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Coronavirus Conspiracy Theorists Struggle With Scientific Reasoning, Study Finds

by : Emily Brown on :
Coronavirus Conspiracy Theorists Struggle With Scientific Reasoning, Study FindsPA Images

A newly published study has found that people who believe conspiracy theories regarding the coronavirus are more likely to struggle with scientific reasoning. 

Conducted about a week after the first case of coronavirus was confirmed in Slovakia, the study asked 783 participants to indicate how much they agreed with various coronavirus conspiracy beliefs, which were rife following the outbreak of the virus last year.

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Theories in question included one which suggested COVID-19 was ‘a biological weapon created to eliminate the overcrowded human population’, and another which claimed the virus was ‘only a fabrication’, and that it is ‘an ordinary flu which pharmaceutical companies rebranded to increase the sales of drugs.’

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Researchers also asked the participants to complete a test of scientific reasoning, which involved responding to six true or false statements, including: ‘The researchers want to find out how to increase natality. They ask for statistical information and see that there are more children born in cities that have more hospitals. This finding implies that building new hospitals will increase the birth rate of the population.’

To further aid the study, those involved also completed assessments regarding coronavirus knowledge, belief in unfounded health-related claims, general analytic thinking, anti-vaccination attitudes and preventive behaviour, according to PsyPost.

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Study author Vladimira Cavojova, of the Centre for Social and Psychological Sciences at the Slovak Academy of Sciences, explained that the beginning of the coronavirus pandemic brought with it ‘too much uncertainty and confusion regarding the best measures to protect oneself against the coronavirus.’

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Cavojova explained that scientists hypothesized that those who ‘understand the workings of science better would be better able to navigate the sea of conflicting information and resist pseudoscientific and unfounded beliefs.’

After studying the results, published in the Journal of Health Psychology, the researchers found that those who showed a strong belief in the coronavirus conspiracies were more likely to score low on the test for scientific reasoning. Those who believed in the theories also displayed a reduced willingness to receive a vaccine for the virus.

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As well as being more likely to fall victim to the theories, those with low scores on the scientific reasoning test were also more likely to endorse unfounded general health-related beliefs and attitudes of anti-vaxxers.

The researchers noted that the findings are in line with previous research, which has found that ‘people who have one kind of epistemically suspect belief tend to have other kinds of such beliefs as well.’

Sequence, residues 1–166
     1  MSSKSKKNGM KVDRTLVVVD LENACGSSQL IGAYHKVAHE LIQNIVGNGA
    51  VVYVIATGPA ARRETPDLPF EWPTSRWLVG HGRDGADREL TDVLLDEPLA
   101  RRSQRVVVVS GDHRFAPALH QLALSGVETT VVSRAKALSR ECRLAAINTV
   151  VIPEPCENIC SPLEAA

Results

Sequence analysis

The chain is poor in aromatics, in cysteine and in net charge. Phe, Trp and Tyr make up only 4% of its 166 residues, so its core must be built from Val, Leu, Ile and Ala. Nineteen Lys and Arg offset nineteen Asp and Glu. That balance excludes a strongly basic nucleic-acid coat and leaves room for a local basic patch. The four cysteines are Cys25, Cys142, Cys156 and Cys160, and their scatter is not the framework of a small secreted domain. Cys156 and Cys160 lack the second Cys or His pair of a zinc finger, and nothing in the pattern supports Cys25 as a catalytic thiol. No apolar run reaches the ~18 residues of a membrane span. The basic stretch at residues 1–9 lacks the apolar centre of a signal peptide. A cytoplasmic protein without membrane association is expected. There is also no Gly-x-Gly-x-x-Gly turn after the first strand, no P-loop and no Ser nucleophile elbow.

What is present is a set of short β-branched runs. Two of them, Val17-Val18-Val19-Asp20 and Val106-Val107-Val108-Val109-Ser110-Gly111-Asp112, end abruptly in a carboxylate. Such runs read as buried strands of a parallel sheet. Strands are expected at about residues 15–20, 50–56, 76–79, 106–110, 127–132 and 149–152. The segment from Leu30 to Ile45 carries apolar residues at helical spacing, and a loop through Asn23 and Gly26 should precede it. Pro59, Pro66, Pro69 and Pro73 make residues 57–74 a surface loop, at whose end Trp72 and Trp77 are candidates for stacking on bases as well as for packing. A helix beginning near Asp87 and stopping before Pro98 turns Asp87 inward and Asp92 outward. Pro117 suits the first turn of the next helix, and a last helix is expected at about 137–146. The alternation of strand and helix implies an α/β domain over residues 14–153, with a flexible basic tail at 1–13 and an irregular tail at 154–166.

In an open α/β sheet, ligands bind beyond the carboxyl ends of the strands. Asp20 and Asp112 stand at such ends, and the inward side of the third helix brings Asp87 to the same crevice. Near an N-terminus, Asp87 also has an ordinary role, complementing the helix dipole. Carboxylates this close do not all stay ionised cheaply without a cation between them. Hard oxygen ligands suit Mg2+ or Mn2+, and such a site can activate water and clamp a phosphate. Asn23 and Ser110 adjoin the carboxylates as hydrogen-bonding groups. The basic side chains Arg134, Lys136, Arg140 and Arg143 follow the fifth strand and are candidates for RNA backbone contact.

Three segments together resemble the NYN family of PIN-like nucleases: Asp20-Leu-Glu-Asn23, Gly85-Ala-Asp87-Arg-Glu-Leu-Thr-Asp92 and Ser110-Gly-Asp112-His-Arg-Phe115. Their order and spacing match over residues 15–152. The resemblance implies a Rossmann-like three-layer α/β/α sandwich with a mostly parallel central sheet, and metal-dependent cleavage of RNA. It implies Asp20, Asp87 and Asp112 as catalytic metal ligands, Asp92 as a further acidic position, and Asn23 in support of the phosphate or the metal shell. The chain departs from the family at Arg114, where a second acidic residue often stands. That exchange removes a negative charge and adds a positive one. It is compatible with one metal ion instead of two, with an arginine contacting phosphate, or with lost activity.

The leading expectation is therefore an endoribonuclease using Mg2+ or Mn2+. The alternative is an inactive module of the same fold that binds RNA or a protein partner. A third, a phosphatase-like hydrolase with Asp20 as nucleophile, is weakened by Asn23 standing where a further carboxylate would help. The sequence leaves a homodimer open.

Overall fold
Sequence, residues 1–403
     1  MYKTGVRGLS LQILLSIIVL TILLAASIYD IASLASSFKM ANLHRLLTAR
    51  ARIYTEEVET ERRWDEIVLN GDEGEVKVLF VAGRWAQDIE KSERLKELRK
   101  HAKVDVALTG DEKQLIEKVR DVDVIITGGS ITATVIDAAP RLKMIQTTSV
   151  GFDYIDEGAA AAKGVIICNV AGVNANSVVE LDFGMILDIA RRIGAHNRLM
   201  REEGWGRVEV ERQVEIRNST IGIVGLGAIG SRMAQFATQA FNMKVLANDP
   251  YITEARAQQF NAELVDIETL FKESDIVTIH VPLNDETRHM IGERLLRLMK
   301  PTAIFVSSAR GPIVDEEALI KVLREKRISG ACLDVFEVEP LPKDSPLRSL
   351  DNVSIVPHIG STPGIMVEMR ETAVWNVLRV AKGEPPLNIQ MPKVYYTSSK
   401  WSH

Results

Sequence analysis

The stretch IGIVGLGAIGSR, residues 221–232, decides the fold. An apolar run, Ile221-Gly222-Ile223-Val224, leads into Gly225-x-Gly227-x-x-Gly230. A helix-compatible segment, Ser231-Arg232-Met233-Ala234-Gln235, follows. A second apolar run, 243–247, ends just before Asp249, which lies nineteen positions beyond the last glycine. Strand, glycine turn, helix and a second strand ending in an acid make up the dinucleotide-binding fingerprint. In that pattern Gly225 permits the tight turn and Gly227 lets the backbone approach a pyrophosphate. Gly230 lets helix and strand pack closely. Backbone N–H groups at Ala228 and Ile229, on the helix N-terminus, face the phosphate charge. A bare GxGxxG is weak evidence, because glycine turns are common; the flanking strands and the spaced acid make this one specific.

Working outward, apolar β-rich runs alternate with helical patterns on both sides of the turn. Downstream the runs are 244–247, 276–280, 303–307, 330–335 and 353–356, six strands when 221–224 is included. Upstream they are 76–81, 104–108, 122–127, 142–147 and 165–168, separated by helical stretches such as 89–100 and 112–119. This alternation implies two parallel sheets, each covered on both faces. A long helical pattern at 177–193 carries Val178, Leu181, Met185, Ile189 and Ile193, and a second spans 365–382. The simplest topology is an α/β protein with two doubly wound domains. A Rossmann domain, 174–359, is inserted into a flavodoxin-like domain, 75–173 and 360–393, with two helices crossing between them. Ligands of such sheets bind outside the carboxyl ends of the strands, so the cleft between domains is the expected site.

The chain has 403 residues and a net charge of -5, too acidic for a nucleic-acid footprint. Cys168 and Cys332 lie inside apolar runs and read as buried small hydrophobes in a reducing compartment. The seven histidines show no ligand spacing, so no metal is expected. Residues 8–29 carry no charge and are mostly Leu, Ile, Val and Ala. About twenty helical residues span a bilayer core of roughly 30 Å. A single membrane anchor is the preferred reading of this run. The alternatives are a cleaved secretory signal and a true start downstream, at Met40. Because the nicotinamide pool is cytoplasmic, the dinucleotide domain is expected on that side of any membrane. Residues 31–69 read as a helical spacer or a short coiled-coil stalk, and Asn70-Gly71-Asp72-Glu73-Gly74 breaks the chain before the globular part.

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Speaking to PsyPost, Cavojova explained that the most important takeaway from the study was that when crises such as pandemics occur, it may be ‘too late to foster scientific reasoning’ as people ‘rely on any prior beliefs and attitudes in interpreting new evidence, and those who are more prone to unfounded beliefs will be more vulnerable to any misinformation that occurs.’

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The researcher continued:

Scientific reasoning is just one piece of a puzzle in the understanding of how people make sense of the world during the turbulent times. When people’s feelings get the best of them, they respond intuitively and emotionally, which makes the use of scientific reasoning even harder.

Therefore, it is necessary to look for the effective ways that would help people to postpone the quick intuitive responses (e.g. rapid spread of pseudoscientific disinformation) and to engage in more effortful processing that would allow them to make more informed judgements.

The study found no evidence that scientific reasoning was associated with behaviours that may prevent the spread of the virus, such as social distancing, though a later study revealed that lower scientific reasoning was also related to a reluctance to follow government guidelines regarding the pandemic, Cavojova explained.

If you’ve been affected by coronavirus and want up to date advice, visit the Gov.uk help page here. If you need medical help call NHS 111 or visit online.

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Emily Brown

Emily Brown first began delivering important news stories aged just 13, when she launched her career with a paper round. She graduated with a BA Hons in English Language in the Media from Lancaster University, and went on to become a freelance writer and blogger. Emily contributed to The Sunday Times Travel Magazine and Student Problems before becoming a journalist at UNILAD, where she works on breaking news as well as longer form features.

Topics: Science, Anti-Vaxxer, Conspiracy Theories, Coronavirus, COVID-19, Now

Credits

PsyPost and 1 other
  1. PsyPost

    People who believe COVID-19 conspiracy theories tend to struggle with scientific reasoning, study finds

  2. Journal of Health Psychology

    How scientific reasoning correlates with health-related beliefs and behaviors during the COVID-19 pandemic?